Lajja (Shame)

Director: Raj Kumar Santoshi
Music: Anu Malik, Lyrics: Sameer
Year: 2001
Running Time: 3 hours 7 minutes

This effort from Santoshi is an extremely interesting attempt at painfully exploring the position of women in India’s society today through the experiences and eyes of one woman. In the end it unfortunately seems to almost nervously back away from where it logically was heading, but until then it was a powerful and emotional indictment of the system that exists. This angry feminist perspective didn’t play well at the box office and it is perhaps a film that might appeal more to audiences in the West. My impression is (based on admittedly very few films and even less knowledge) that a social agenda such as this is fairly rare in Bollywood films.

Manisha Koirala and Jackie Shroff
What begins as a panicked flight for Manisha Koirala slowly turns into a journey of self-discovery, self-esteem and feminist awareness on her part. As Manisha travels across India in her attempt to stay out of harm’s way, she begins to realize that more than her fate is involved – that what has occurred to her is symptomatic of what is happening to Indian women at every level of society. As this awareness grows she slowly transforms from a traditional Indian wife to a feminist activist. Manisha plays the character well and gives her enough depth to make this transformation seem fairly natural and believable – from initially being only a reflection of her husband’s feeling towards her to finally giving a fiery declaration of independence – and only the script lets her down in the end. I should mention that the DVD has English subtitles that come and go like the tide, but much of it was reasonably easy to follow – but definitely there were bits that I missed.
Anil Kapoor and Manisha
Vaidehi (Manisha) lives an upper class existence in New York City with her husband (Jackie Shroff). She is unable to adjust to or condone his playboy swinging lifestyle and he finally loses patience with her attitude and orders her back to India to live with her family. Her father is furious and humiliated to find her on his doorstep and demands that she return to her rightful place – by her husband’s side. When she receives a call from Shroff murmuring words of love and loneliness, she happily prepares to return. Just as she is about to board the plane though she learns from her doctor that she is pregnant and that Jackie knows and plans on divorcing her after she gives birth and keeping the child. She goes on the run with two of Jackie’s minions (Razzak Khan and Johnny Lever) and seemingly much of the Indian police force in close pursuit.
Sort of like a black cloud, Manisha meets and bonds with three other women over the course of her journey and has to witness their degradation or destruction at the hands of men. She first meets up with a kindly thief (Anil Kapoor) and both end up sneaking into a wedding ceremony where Mahima Chaudhary is about to be married. The groom’s family though is basically extorting Mahima’s father for a larger dowry and he is unable to come up with the money. When Mahima lifts the veil of silence and curses the family and their greed and their weakling son, it will send chills down your spine.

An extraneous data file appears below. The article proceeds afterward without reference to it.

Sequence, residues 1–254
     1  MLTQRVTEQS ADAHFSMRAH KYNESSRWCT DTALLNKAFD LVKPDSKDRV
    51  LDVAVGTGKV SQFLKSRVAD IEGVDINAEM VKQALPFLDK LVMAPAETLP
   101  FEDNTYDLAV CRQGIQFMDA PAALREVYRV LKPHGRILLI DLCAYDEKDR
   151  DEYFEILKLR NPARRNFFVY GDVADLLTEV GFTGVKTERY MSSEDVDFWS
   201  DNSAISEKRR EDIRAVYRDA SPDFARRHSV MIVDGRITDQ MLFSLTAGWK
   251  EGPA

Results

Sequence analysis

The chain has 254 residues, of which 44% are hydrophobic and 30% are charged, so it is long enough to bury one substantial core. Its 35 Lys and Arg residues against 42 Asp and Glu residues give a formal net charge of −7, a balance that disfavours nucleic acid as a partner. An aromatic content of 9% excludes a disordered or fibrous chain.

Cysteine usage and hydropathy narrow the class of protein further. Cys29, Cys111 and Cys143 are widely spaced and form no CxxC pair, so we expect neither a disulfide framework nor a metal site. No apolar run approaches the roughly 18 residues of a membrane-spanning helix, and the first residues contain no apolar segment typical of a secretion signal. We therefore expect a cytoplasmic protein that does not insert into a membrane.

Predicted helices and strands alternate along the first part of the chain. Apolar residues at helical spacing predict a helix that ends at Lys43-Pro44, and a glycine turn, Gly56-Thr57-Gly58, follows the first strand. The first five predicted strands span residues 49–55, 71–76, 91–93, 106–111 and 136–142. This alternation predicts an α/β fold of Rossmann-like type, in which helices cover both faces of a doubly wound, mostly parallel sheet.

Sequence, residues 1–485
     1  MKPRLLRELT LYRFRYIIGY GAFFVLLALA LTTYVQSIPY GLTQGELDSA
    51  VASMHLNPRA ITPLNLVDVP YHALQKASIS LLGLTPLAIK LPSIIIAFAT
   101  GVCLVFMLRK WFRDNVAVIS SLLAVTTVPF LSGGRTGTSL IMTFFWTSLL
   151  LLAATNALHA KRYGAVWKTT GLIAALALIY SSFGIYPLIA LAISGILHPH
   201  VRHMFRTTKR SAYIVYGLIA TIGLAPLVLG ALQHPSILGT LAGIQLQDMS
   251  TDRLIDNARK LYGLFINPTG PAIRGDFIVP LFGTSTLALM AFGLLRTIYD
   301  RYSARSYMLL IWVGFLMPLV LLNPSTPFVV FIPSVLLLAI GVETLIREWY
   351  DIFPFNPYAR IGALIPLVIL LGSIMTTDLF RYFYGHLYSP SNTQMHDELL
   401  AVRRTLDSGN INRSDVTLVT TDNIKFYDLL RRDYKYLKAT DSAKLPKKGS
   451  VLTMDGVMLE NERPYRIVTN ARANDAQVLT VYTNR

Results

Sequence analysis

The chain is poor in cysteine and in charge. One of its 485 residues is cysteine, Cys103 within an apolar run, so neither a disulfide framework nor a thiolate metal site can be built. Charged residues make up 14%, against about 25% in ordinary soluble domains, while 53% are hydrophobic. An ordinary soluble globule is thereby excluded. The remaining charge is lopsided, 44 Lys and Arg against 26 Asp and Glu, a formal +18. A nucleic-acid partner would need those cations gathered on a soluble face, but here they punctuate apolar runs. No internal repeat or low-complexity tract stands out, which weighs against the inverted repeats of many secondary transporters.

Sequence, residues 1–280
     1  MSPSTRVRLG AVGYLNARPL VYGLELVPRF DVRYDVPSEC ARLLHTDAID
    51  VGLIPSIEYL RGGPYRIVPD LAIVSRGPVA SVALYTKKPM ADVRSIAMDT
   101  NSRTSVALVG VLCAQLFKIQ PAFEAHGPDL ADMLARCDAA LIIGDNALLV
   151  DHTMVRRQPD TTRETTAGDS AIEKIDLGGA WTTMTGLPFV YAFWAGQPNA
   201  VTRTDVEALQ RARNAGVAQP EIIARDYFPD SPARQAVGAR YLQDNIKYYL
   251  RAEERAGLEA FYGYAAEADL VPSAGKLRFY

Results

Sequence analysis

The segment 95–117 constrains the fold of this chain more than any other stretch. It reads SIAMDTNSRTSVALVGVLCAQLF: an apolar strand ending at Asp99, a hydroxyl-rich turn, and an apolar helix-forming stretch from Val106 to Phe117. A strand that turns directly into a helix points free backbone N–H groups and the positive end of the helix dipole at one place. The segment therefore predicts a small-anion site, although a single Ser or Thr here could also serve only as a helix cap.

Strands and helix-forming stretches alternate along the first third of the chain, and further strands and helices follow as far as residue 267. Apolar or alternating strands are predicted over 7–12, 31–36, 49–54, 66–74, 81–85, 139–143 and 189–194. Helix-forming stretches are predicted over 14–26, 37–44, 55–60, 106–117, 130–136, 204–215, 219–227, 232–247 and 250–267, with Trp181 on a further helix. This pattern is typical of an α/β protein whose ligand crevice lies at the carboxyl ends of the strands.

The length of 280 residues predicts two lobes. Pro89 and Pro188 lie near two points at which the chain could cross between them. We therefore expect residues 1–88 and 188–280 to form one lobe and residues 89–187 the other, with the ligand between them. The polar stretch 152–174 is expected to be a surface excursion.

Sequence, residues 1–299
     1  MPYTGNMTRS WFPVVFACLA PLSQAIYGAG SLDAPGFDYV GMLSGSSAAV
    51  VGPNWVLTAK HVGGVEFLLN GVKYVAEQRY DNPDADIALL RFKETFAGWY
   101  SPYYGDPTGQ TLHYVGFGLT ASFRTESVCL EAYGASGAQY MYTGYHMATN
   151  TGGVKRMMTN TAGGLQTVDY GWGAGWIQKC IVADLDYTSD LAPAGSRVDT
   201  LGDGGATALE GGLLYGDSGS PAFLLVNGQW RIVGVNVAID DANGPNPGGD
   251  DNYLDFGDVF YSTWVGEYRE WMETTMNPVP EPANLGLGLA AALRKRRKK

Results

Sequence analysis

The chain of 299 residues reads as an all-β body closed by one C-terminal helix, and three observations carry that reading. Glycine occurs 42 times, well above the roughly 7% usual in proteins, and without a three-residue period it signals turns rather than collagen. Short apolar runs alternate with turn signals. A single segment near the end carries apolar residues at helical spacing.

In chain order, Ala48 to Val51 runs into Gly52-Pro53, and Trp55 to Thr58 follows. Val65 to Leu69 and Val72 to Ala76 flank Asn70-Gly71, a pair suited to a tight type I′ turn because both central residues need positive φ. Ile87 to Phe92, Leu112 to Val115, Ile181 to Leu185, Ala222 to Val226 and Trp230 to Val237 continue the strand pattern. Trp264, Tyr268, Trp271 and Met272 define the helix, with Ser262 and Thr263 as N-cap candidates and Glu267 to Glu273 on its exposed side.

Mahima Chaudhary
Next Manisha travels to another town where she meets Madhuri Dixit, a member of a theater troupe, who plays the heroines in the productions. She is a completely free spirit, full of life – figuratively and literally – as she is two months pregnant and unwed. The two of them become good friends and she teaches Manisha to lighten up a bit – and even how to dance and how to go the bathroom behind a rock. But her male lover deserts her and the crowds turn against her in a fury when they learn she is “unchaste”.
Manisha and Madhuri Dixit
In her final encounter Manisha meets Rekha who is sort of a mother figure to a small village. Needless to say Manisha’s arrival foretells bad tidings for Rekha. The final section simply goes terribly off track and largely negates much of what went on before it. It is as if the director began to realize that the film he was making lacked in commercial appeal and so he brings in an Indiana Jones like hero (Ajay Devgan) that feels as if he fell in from another film. The mood of the film had been fairly intimate and personal and it quickly becomes a pointless action film that is nonsensical. Even worse then this though is the very final act of contrition and forgiveness that leaves a bad taste in your mouth. It is a shame that the director didn’t stay the course with the themes that he was delivering.
Rekha and Manisha
There are very few musical numbers in the film and this plays well with the serious and intense social tone of the story – but the three main numbers are all terrifically well done. In the first, Urmila makes a special appearance and puts on sort of a Las Vegas snazzy floorshow. At the wedding Sonali Bendre also makes a guest appearance to perform one song that is vivacious and very catchy and she looks great. The best-choreographed number though is the one that takes place with first Madhuri breaking into song and then Manisha tentatively joining her in a joyous number.
Sonali Bendre
Even with the ending, the film is still worthy and much of it is powerful in a quiet disturbing way. Performances from the four main female actresses are all absolutely terrific and natural and each of them is given a “get on your acting chops” scene to emote to.

My rating for this film: 7.5

Song 1

Song 2

Song 3